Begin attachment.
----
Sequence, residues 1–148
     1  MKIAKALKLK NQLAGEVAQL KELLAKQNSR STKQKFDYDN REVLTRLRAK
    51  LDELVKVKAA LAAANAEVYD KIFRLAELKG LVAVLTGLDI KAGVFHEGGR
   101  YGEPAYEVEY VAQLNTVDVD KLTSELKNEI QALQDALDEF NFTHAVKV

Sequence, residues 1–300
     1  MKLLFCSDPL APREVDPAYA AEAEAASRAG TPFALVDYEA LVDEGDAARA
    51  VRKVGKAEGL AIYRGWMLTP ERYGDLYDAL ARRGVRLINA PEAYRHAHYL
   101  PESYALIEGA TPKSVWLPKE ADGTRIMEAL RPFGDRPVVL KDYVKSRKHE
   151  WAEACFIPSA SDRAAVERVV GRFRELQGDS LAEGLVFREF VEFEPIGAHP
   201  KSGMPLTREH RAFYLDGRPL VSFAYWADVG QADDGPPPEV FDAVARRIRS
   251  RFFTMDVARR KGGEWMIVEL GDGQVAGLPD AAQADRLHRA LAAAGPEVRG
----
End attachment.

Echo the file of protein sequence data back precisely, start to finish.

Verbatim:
Sequence, residues 1–148
     1  MKIAKALKLK NQLAGEVAQL KELLAKQNSR STKQKFDYDN REVLTRLRAK
    51  LDELVKVKAA LAAANAEVYD KIFRLAELKG LVAVLTGLDI KAGVFHEGGR
   101  YGEPAYEVEY VAQLNTVDVD KLTSELKNEI QALQDALDEF NFTHAVKV

Sequence, residues 1–300
     1  MKLLFCSDPL APREVDPAYA AEAEAASRAG TPFALVDYEA LVDEGDAARA
    51  VRKVGKAEGL AIYRGWMLTP ERYGDLYDAL ARRGVRLINA PEAYRHAHYL
   101  PESYALIEGA TPKSVWLPKE ADGTRIMEAL RPFGDRPVVL KDYVKSRKHE
   151  WAEACFIPSA SDRAAVERVV GRFRELQGDS LAEGLVFREF VEFEPIGAHP
   201  KSGMPLTREH RAFYLDGRPL VSFAYWADVG QADDGPPPEV FDAVARRIRS
   251  RFFTMDVARR KGGEWMIVEL GDGQVAGLPD AAQADRLHRA LAAAGPEVRG